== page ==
The Rosette Nebula (NGC 2237) is actually a collection of emission and dark nebulae. It got its name from its distinct flowery shape.

In the hollowed-out centre of the nebula lies an open cluster, NGC 2244, and the young cluster (probably no more than 15,000 years old) is the reason for the nebula's shape, as the radiation and stellar winds from these star are blowing the gas and dust away from the center. The hottest and youngest of the stars have a surface temperature of 20,000 degrees, about 4 times as hot as our sun.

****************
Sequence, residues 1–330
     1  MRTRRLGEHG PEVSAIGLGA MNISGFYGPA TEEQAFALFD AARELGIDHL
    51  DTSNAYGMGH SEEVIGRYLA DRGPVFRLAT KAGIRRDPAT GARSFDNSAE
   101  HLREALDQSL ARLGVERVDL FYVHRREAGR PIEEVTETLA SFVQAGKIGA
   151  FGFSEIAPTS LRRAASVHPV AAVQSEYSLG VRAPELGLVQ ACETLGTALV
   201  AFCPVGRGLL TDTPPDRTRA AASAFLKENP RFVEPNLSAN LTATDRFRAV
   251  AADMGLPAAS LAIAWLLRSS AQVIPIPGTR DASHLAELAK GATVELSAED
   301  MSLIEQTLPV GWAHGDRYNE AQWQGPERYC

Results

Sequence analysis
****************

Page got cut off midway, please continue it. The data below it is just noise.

On a clear winter night, the cluster can be seen with the unaided eye, but the entire nebula can be difficult to see in small telescopes because of its large size (it actually appears larger than the moon), causing it to spill out of the field of view.

The nebula and its cluster is between 3,000 and 4,500 light years away, and can be found in the constellation Monoceros.